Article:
Embrace new technology, says Alexandra Henton. Show people what we do, why we do it and how it should be done in the future. And fight the internet trolls and anti-hunting social media with common sense.
Anti-hunting sentiment is nothing new, but the medium of social media ramps up the vitriol to unscaled, and altogether unpleasant, new heights. Following the weekend where a tragic accident in the hunting field claimed the life of 9 year old Bonnie Armitage and unleashed a torrent of unpardonable abuse from anti-hunting trolls, it is time to examine how the fieldsports world responds to the online world.
Deputy editor, Alexandra Henton looks at what the online world means for the sporting one.
PROGRESS, BACK THEN
Those elegant Edwardians who set the template for our sporting world embraced the technological wizardry of their doughty Victorian forebears. Without tarnishing their hands with too much of the coal, steel and iron muck of industry they shot, hunted and fished on an enviable scale.
Made possible by the belching, grinding advances of industry and the steam train, the country houses that harboured the sporting squires and new men benefited from modernity. Running hot water? Electric lights? Sporting weekends? Yes please, Your Grace.
The advances in ballistics, gunmaking and motoring reported in the pages of The Field led to increasingly accurate shooting, finer guns and easier transport to the meet. Leap forward a century and those of us with a sporting bent (now more often earned than inherited) face a new technological challenge. And it is one that, if we fail to address it, might unseat us all. That twittering in the trees is not birdsong.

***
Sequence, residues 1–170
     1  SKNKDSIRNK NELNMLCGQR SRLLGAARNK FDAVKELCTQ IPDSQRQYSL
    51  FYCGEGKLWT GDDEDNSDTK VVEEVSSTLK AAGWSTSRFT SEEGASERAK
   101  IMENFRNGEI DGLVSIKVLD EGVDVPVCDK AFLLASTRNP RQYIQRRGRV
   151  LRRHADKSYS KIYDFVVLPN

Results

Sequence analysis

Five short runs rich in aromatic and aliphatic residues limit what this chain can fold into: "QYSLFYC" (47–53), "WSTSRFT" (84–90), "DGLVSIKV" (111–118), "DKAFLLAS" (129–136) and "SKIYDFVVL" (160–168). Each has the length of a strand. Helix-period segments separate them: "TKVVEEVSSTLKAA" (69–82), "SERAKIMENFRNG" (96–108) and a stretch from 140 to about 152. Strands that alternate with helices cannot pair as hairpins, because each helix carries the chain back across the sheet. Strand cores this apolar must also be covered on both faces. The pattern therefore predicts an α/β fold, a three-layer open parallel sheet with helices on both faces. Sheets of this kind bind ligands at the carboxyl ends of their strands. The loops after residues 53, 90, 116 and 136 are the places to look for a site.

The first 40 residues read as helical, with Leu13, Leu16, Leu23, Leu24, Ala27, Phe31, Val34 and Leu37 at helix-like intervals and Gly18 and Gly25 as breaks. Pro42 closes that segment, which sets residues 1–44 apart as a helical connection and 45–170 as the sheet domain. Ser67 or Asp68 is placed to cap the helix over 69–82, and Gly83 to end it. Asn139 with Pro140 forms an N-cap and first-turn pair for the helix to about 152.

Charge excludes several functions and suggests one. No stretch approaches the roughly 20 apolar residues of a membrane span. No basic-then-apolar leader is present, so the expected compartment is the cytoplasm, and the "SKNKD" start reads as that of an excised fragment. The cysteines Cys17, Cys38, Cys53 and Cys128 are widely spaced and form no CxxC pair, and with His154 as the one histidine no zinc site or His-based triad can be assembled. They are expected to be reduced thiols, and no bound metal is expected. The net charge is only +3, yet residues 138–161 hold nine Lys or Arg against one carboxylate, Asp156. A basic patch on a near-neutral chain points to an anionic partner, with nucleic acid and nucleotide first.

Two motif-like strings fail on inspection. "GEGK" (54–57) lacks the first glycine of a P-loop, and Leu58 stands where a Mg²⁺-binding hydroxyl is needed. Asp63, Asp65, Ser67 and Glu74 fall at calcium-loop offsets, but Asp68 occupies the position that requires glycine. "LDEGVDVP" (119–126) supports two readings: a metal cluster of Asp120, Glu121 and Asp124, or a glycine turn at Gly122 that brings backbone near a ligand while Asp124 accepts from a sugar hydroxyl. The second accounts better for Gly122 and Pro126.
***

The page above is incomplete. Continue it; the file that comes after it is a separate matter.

Social media, for those who have managed to remain outside and off-grid for the past 12 years, started with the advent of Facebook in 2004, was joined by Twitter in 2006 and now incorporates a legion of digital companions: Instagram, YouTube, Pinterest and Snapchat to name just some. To understand the different media think like this: Facebook is a common-room full of friends – with the odd “how did he get in here?” lurker; Twitter, a broadcast feed – your personal Reuters; Instagram, a photograph album, but now online and seen by everyone (mercifully without the unfor-tunate mid-guffaw snap); Pinterest, your online pinboard, and Snapchat, the equivalent of the late-night calls you probably wish you’d never made… but no need to worry as they erase themselves. Or might not if the recipient saves them. Cue renewed panic.
Opinions are shared and sought on social media. When my local hunt took the Facebook plunge it was a novelty. Now it would be newsworthy if it didn’t have an online presence. The hunt secretary insists she wouldn’t be without it. Organising a hunt supporters’ pie-and-pint night? Bung it on to Facebook and everyone knows about it within a day. It has been key to the side-saddle hunting phenomenon of recent years, bringing together people from different hunt countries and flagging up side-saddle meets.